“Books are for people. Stories are for people. Limiting that is foolish and short-sighted” Neil Gaiman
We do have a challenge though. Encouraging children to read is not always easy, particularly with boys, could a range of books seen to be especially for boys help encourage them to read more? I’m not sure but don’t think we should pursue the method even if it did work. We want children to read for a reason not just for the sake of it, we want children to read because it helps them learn about who they are, expands their ability to be open minded and imaginative – we have to practice what we are preaching! If you say ‘these books are just for you’ you are automatically saying to someone else ‘these books aren’t for you’ – and that seems wrong.
“what may seem to be a harmless marketing strategy, is, to an impressionable child, really a form of brainwashing, repeating the false message that boys are brilliant and brave, while girls are mostly just decorative”. Joanne Harris
David Walliams is described as “the fastest growing children’s author in the UK.” The book is about a 12 year old boy Dennis. Dennis loves playing football. However he doesn’t think he fits in. He enjoys reading vogue because it reminds him of his mother yellow dress that she was wearing in a photograph. His parents are separated and Dennis lives with his dad. Dennis and John (Dennis’s elder brother) aren’t allowed to talk about their mother in the house. Dennis thinks that his dad is depressed.
Dennis meets the most fashionable girl in school-Lisa, and Lisa encourages Dennis to wear a dress. He wears it to the corner shop and enjoys it. The boy in the dress is a good book but it is too long. I think that this is quite different kind of book. It is quite interesting. It tells the story of a twelve-year-old boy who enjoys cross dressing, it also shows us the reactions of Dennis’s family and friends.
I would give this book 3/5.
BY: Umaimma Asif
The author of the novel is David Walliams. The book is about a boy called Ben. Ben has to stay with his stay with his grandmother every Friday because his parents go to see a dancing show named Strictly Stars Dancing. He thinks that she is very boring and treats him like baby. His granny always feeds him cabbage related dishes, most commonly cabbage soup, they are constantly playing Scrabble. Ben wants to be a plumber when he grows up. However Bens parent want him to become a professional ballroom dancer.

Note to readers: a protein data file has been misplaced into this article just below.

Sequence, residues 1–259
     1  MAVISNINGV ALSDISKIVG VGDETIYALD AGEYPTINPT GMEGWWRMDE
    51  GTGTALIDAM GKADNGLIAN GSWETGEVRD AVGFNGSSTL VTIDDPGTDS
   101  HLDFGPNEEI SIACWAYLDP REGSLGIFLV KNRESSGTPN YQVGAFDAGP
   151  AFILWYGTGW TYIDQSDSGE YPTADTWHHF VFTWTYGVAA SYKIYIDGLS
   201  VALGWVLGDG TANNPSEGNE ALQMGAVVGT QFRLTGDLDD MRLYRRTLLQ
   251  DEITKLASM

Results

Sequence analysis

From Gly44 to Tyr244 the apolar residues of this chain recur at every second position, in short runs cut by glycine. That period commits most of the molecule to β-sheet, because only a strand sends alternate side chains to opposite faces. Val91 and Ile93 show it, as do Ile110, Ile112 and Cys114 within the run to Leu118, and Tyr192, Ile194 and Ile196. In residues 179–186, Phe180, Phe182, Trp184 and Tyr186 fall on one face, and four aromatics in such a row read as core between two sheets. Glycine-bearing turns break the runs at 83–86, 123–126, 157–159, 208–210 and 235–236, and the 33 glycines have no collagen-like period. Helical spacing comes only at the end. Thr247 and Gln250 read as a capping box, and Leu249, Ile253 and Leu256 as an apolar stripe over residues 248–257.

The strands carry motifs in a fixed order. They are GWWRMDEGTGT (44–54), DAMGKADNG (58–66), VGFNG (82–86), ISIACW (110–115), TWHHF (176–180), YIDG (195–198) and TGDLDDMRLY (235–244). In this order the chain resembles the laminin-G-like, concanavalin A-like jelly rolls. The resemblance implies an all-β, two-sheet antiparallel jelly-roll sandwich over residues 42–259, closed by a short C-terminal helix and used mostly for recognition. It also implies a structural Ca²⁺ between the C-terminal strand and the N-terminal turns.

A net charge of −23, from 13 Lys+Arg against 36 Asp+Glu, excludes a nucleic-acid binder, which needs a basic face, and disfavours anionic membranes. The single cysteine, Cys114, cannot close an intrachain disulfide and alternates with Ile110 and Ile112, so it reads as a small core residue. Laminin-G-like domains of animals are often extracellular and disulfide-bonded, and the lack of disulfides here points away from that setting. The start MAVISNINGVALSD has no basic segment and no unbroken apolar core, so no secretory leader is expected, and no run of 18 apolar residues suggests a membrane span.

The twist in the plot is that Ben thinks that his grandma is an international jewellery thief. Ben thought that his granny was on the world top criminals! The book has a very sad ending.
I found the book emotional and yes I know it’s a children’s book but it had some serious emotion. The only negative thing I can say about the book is that it is really long. It takes forever to finish.
I would give it 3/5.
By Umaimma Asif
This book has been long listed for the CILIP Carnegie Medal.
This story is set in the Australian outback at the turn of the last century. It focuses on the friendship between grieving 11 year old heroine Comity and Fred, an Aborigine boy. The story mainly takes place on telegraph messaging base where Comity’s Father manages communication of messages via Morse code. Comity’s father is an ‘absent’ father who has slipped into a deep depression following the death of his much loved wife by a snake. The telegraph outpost is staffed by about six male white staff and a small group of Aborigine people. Fred helps to support the grieving Comity and provide her with comfort that her father is unable to do, often enlightening her about Aborigine myths and beliefs. Together they combine both Christian and Aborigine beliefs to manage the grieving process. Into this mix comes an assistant telegraph manager who is a bully and racist, lazy and a trouble maker, with ambitions of taking over management of the outpost. The scene is set for some very tense storytelling highlighting what life was like for Aborigines in colonial Australia. There is also an Asian Muslim community referred to as the Ghans who keep to themselves whilst building a camel transport industry. I was unaware of their presence in Australian history. The story is very good and well written, but unsettling in terms of the casual racism, the parental neglect and the children’s struggles in the unknown outback to save themselves. This is a thought provoking story with opportunities for much discussion.